“At Meridian, we believe that arts and culture can bridge divides, especially in times of tension around the world,” Jones says. “I think [Mary Kaye] understood the power of culture and used it to connect with people."
Spouses, Jones says, are often seen as the chief host and work to reflect the very best of their home country “whether it’s through the food they serve at official events, the art in their residences or the gifts they give. They can truly be some of America’s best ambassadors.”
It also helps to “demystify” the formality of diplomacy, Jones says.
“They serve as a link to the country by engaging directly in the culture and through things that people can relate to — food, music, art, sports — and by sharing some of their more personal and family moments,” she adds. “Culture is the ultimate leveler when it comes to making connections.”
Megan Beyer learned fast the role of being the wife of a diplomat.
Her husband, Don Beyer, was sent to Switzerland as America’s top envoy there and she was charged with setting the tone for their mission — at least the artistic, cultural and welcoming part of it.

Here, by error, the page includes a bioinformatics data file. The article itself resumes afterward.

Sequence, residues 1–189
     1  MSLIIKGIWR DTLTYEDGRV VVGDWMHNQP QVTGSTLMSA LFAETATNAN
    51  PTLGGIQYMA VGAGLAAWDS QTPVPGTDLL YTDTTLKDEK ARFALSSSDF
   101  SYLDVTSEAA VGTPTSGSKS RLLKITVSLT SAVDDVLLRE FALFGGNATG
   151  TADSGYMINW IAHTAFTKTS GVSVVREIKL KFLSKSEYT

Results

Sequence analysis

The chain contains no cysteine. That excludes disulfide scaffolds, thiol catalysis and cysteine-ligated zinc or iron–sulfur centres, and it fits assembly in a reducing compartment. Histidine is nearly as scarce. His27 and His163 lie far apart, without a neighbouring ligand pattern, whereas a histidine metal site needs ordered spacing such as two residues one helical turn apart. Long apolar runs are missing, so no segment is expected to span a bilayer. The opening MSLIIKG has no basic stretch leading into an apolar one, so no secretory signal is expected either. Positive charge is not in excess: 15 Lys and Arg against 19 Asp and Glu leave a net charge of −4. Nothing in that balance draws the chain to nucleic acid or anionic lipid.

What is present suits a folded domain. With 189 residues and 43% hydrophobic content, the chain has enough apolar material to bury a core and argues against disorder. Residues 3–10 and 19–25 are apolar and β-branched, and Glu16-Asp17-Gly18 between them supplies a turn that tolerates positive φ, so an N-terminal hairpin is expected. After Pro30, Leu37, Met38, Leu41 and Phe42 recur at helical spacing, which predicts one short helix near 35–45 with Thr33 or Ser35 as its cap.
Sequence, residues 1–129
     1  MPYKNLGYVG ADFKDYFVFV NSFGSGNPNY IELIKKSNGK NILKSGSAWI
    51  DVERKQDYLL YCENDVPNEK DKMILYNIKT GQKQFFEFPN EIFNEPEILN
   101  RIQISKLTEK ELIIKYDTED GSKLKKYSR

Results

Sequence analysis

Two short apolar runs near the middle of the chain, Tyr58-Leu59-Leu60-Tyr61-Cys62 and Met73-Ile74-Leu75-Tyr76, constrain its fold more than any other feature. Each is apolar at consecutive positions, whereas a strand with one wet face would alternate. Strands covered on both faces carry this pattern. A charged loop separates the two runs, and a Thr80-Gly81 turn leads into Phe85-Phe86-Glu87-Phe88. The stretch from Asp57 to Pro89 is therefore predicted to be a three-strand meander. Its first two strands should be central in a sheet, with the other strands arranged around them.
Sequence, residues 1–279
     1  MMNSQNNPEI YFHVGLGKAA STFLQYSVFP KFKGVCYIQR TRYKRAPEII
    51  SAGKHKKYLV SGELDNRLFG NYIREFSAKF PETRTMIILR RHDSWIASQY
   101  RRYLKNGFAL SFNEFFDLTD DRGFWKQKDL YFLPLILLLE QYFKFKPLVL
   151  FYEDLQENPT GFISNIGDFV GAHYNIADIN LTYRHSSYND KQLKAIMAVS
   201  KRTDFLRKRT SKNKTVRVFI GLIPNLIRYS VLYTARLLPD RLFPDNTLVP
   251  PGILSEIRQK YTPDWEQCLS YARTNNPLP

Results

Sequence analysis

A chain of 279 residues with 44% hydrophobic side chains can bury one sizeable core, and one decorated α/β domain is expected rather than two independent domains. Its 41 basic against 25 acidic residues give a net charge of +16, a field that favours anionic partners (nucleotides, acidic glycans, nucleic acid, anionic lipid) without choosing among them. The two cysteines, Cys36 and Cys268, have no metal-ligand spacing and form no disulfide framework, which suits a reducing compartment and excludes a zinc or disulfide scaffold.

“You know Don was doing a lot of work with bilateral meetings and all the work being the ambassador and having to carry a platform for the country and for the State Department,” she says of her husband, who is now a Democratic congressman from Virginia. “But all those soft and fuzzy things that create the atmosphere for moving the relationship forward, all of that happens in the convenings that are really more curated and created by the spouses in general.”
The spouses, Megan Beyer says, “totally transcend the politics of everything.”
She says that spouses — still a group that is primarily women but is increasingly being filled by men — can play a bigger role if they so choose. When in Switzerland, Megan Beyer noted that four of the seven members of the country’s federal council were women –— a celebratory point.
She organized an event highlighting women in leadership posts and brought in CEOs, business leaders and as a bonus, actress Geena Davis, who advocates for equal rights
Megan Beyer’s work to celebrate the arts also earned her kudos from then-President Barack Obama, who later named her as the head of the President’s Committee on the Arts and the Humanities.
She says Mary Kaye Huntsman excelled at her role, even during such a challenging time in U.S.-Russian relations.
“You can really make a difference,” Megan Beyer says. “So what [Mary Kaye has] done has been incredibly impressive.”
Editor’s note • Paul Huntsman, a brother of former ambassador Jon Huntsman, is the owner and publisher of The Salt Lake Tribune.